Adding a deck to your home can be a wise decision. Not only does a professionally built deck add value, but it also allows you to enjoy your property more during warmer weather. Deck design is a key factor when choosing what type of deck to build and it revolves around how you plan to use your deck.
While cost is certainly a big factor, you'll also need to take into account the size of deck you want to build and how it will fit in with your home and the rest of your property. If you build a deck with only your budget in mind, you may not adequately consider how usable your deck is or how easy it is to maintain. Even if you save a considerable amount of money, you'll feel that it's been wasted if you and your family aren't satisfied with the results. Factors you should consider when planning your deck include:
Don't rush the planning stage – make sure you consider as many options as possible before you commit to building a deck. Do you need the basic type or would you rather have a more elaborate deck with features like a deck bench and a hot tub? Remember that you and your family will be spending a lot of time on the deck, so ensure that it meets your needs.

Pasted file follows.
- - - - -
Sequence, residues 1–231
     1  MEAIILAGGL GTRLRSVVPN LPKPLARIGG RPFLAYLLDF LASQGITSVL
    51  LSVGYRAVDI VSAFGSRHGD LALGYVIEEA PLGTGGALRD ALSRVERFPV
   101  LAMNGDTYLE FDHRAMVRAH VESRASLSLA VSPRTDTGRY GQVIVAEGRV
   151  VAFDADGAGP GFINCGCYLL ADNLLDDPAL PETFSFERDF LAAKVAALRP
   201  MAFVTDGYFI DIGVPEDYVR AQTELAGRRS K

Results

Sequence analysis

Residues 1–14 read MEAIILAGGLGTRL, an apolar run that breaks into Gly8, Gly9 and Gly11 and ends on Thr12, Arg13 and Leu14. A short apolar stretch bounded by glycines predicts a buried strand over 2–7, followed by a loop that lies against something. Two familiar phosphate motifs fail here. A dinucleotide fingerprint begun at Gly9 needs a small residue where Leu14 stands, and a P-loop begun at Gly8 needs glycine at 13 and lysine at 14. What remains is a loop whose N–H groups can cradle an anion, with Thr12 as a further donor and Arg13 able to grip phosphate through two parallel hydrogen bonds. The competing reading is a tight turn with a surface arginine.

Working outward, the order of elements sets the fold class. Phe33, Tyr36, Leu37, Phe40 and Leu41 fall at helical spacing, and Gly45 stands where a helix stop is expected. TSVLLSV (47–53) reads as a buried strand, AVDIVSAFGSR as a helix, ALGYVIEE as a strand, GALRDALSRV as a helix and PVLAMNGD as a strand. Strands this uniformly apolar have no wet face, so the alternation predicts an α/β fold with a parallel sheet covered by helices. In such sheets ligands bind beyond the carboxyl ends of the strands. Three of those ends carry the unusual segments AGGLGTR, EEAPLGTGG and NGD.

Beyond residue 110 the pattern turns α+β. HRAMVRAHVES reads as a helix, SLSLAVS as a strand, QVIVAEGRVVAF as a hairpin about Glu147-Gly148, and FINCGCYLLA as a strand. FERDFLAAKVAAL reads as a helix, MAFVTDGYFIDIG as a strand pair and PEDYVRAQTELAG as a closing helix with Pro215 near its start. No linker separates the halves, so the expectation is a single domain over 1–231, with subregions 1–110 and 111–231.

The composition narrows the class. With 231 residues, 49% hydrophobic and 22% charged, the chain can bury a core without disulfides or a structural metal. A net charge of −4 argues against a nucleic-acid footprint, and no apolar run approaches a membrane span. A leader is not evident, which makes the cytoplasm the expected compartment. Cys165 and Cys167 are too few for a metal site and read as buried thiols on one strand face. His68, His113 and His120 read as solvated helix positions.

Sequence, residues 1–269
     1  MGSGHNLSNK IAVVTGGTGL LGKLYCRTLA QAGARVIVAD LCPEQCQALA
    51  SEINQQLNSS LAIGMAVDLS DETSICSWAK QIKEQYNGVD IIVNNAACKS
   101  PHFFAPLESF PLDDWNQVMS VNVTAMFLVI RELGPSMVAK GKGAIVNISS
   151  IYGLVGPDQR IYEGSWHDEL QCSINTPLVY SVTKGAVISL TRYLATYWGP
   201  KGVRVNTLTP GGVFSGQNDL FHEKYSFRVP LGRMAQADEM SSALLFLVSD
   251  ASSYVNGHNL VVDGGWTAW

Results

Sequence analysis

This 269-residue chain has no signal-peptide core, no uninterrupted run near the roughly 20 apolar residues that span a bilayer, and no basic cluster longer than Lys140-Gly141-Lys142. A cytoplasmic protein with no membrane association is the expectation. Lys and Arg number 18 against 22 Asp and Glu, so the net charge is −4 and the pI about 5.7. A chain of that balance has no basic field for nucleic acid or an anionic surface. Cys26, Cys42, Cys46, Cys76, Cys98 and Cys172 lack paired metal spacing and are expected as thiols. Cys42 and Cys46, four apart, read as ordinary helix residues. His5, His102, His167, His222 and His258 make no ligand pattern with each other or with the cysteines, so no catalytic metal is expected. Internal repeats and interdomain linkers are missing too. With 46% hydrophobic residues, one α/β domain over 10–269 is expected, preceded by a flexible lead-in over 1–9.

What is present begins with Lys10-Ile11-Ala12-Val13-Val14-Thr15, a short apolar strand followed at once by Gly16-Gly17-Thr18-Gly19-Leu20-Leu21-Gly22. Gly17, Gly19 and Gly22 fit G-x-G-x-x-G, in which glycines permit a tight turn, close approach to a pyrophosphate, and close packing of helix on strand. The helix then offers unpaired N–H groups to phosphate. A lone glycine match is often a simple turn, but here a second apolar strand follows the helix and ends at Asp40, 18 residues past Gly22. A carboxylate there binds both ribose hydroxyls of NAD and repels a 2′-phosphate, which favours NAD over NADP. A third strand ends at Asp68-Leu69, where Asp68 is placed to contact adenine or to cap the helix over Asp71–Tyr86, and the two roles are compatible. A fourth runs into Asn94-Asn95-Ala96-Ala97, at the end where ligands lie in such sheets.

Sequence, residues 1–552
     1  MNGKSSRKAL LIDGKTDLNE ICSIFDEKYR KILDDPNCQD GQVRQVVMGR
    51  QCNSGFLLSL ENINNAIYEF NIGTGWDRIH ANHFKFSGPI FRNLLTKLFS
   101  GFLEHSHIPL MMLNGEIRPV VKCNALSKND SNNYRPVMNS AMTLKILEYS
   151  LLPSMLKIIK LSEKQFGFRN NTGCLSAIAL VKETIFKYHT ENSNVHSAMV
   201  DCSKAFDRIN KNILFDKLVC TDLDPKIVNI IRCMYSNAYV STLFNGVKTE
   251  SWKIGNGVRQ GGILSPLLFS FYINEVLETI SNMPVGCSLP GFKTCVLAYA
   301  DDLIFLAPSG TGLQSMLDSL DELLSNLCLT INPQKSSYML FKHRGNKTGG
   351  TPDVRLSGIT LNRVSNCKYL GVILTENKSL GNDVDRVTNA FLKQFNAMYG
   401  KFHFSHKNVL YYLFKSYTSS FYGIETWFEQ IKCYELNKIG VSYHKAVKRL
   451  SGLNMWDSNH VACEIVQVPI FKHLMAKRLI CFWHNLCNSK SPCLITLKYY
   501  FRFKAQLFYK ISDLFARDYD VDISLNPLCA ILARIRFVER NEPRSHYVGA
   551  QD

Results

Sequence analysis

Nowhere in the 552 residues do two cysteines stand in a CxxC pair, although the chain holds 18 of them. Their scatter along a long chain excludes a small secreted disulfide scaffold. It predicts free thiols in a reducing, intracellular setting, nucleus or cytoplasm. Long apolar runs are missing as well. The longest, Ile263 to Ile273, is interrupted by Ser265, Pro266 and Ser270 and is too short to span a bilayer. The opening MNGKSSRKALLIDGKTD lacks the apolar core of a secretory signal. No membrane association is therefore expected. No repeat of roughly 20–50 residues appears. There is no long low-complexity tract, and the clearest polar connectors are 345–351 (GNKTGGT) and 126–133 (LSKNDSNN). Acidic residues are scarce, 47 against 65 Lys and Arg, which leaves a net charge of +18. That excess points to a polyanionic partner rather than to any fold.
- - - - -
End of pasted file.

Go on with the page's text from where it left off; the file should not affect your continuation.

If you know you want a deck but you're short on design ideas, there are several options open to you. The cheapest and sometimes best idea is to draw a sketch of your home and property and make some copies of it; on each copy you can draw a different deck layout. You might be surprised at how fast this technique can kick-start the idea process. Involve the rest of the family to make sure you have all their needs addressed. Now you have a plan, so work towards it by consulting a contractor, experimenting with deck design software or hunting online for free deck blueprints.
Lastly, there are building standards that must be met before decks can be built or pass a home inspection. Check your local zoning ordinances before you build; they can limit the deck's overall size and the height of items like privacy screens, plus they will dictate the minimum acceptable distance from your deck to the property line. Some even place limits on the percentage of property that the deck occupies. If your deck doesn't meet these standards, you may have a difficult time making your deck a reality.